When McDaniel attends the awards ceremony, she will be the only Negro there as a guest. As a result, she will probably be seated somewhere in the back. Still, don't forget about her; if there's enough support for her within the actors' branch - and given the wide range of stars McDaniel has worked with, I think there could be - she may be the one who walks home with the gold in this category.

Tomorrow, we'll examine the contenders in the brand new category of Visual Effects. Will The Wizard of Oz, with its cyclones, witchcraft and flying monkeys take the top spot? Or can Wind capture the crown here as well? Join me as we size up the nominees!

Many thanks to Brandie (a fine girl) for her assistance.

Catherine Deneuve

Friday, August 16, 2013

Fruitvale Station

Fruitvale Station
seen @ Kew Gardens Cinemas, Kew Gardens, Queens, NY

In my life, I've had encounters with police twice - however, they turned out to be misunderstandings both times. The first time was here in New York, in my Queens neighborhood. I was walking down a street; I forget where I was headed, but it doesn't matter. A cop car from the opposite side of the street turned around to my side, and one of the cops asked me to approach. Hesitantly, I did so, heart pounding in my chest as I prepared to break out my identification. I asked what the problem was and as soon as they got a good look at me, and more importantly, heard my voice, they apologized. They were looking for a missing person, they said, a mentally retarded man who must have strayed from home or something. I clearly wasn't who they were searching for, so they let me go on my way. I gladly did.

The other time was when I lived in Columbus. It was late at night, and I was on my bike, riding home down a wide main street in a lower-class neighborhood. As I passed beneath an elevated train track, I heard the bleep of a siren. A cop car was indicating for me to pull over. I did, and this time they wanted to make sure my tail light was on. It was a little bit dimmer than usual, but it was definitely on and flashing red. They apologized; they were either mistaken or didn't see my bike from their position. They let me go and I continued home.

Three the not-so-hard way

Not a whole lot to say on the third anniversary of WSW except thank you for reading and I hope you continue to do so. (Also, I've learned that Dorian launched her blog a mere six days after I did, so we agree that this makes us blogger-cousins in some weird way.)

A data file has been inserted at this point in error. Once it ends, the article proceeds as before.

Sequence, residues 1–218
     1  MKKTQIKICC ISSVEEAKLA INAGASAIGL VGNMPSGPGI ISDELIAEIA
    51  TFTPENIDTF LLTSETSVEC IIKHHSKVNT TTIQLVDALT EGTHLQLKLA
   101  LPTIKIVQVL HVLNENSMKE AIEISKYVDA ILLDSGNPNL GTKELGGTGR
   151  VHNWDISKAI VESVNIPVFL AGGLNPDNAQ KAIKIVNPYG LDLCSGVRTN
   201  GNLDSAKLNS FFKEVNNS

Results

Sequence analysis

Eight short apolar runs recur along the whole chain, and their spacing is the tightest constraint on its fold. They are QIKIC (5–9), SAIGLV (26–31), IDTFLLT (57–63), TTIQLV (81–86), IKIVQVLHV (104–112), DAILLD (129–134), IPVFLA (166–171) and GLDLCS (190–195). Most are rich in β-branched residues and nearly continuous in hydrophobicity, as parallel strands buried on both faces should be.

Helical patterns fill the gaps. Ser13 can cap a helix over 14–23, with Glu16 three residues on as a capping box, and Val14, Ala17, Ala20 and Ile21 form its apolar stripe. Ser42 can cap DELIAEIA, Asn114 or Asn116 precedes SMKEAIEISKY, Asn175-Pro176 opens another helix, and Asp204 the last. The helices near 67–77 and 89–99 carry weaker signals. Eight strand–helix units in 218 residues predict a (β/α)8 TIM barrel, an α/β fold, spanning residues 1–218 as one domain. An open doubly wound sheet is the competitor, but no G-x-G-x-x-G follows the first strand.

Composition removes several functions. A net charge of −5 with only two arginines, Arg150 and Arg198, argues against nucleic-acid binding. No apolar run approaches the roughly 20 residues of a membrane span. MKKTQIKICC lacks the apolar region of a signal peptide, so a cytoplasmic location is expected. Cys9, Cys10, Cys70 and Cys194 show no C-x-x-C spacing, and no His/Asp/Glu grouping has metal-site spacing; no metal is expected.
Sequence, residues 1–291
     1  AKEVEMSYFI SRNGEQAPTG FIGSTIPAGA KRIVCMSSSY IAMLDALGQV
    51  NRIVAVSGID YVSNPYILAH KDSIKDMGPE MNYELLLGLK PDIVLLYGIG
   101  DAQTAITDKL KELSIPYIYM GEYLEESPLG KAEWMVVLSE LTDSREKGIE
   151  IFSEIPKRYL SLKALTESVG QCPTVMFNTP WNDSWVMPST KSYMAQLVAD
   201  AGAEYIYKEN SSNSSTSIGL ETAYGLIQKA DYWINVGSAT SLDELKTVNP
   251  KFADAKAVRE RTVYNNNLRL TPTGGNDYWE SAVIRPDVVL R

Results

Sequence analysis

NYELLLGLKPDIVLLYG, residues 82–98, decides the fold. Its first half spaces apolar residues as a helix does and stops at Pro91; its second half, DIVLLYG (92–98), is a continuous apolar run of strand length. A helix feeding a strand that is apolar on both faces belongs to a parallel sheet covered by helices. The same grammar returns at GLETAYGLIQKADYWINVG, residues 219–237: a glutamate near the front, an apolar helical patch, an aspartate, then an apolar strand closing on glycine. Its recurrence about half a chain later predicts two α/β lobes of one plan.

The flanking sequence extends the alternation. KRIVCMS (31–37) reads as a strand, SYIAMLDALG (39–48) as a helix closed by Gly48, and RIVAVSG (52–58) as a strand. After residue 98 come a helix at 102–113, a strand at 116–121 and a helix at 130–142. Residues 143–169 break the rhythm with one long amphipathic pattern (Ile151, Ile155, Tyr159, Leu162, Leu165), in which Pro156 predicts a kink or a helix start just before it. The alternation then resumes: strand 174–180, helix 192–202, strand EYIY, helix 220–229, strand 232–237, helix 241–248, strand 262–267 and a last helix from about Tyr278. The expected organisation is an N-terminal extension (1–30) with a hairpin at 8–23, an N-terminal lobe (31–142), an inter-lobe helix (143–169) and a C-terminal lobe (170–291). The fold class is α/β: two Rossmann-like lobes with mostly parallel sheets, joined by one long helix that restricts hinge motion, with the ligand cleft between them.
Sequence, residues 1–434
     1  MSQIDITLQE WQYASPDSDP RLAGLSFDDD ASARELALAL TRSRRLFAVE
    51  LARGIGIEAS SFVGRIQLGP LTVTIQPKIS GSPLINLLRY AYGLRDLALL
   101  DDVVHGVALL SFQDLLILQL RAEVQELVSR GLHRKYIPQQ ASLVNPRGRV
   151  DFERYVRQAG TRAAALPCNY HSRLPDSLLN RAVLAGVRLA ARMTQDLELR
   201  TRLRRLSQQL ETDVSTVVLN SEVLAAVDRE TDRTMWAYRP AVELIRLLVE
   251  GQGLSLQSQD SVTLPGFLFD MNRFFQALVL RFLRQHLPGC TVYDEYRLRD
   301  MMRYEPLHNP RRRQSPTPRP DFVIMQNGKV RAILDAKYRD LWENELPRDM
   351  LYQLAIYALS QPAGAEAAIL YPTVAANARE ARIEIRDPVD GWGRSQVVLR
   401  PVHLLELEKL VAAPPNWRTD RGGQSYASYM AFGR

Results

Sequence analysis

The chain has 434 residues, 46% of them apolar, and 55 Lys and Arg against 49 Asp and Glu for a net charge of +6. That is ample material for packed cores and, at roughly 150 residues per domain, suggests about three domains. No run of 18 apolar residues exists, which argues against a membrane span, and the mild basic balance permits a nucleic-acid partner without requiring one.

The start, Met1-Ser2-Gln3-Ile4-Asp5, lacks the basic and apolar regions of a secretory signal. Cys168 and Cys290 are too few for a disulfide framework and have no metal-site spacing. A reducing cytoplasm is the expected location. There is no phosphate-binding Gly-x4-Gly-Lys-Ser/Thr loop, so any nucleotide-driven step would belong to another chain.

Thursday, August 15, 2013

The Magnificent Seven (1960)

The Magnificent Seven
seen on TV @ TCM

There's a wonderful novel that came out a few years ago called Into the Beautiful North by Luis Alberto Urrea. It's about a small Mexican town in which most of the menfolk have gone north to America to find work, because little can be found in town. There are these three teenage girls who come up with a plan to save the town - a plan inspired by The Magnificent Seven.

They, along with the rest of the town, see the movie one night as part of a Yul Brynner twin bill, and they decide to take a trip over the border themselves and find seven men they can bring back to settle into town and (eventually) help repopulate it. They've never even left their town before, but their quest gets everyone's blessing and they set off on an unusual, but important, adventure.

The book is warm-hearted and very funny, with a lively and unique cast of characters, and though M7 is only the springboard for the main plot, Urrea makes good use of it. For example, there's a small rivalry between fans of Brynner and fans of Steve McQueen which rears its head during the screening of M7. Also, there's a character who's under the mistaken impression that Brynner himself is Mexican (he was actually Russian). Little things like these that help flesh out the townspeople. It's a delightful book that's well worth seeking out.

I thought I had already seen M7, and maybe I had, but I don't remember. Nothing looked terribly familiar as I watched it, but at least that meant I could watch it fresh. I've seen Seven Samurai, of course, though that was awhile ago. (Interesting that the opening credits acknowledged that it was based on 7S - you hardly ever see that in Americanized remakes of foreign films these days.)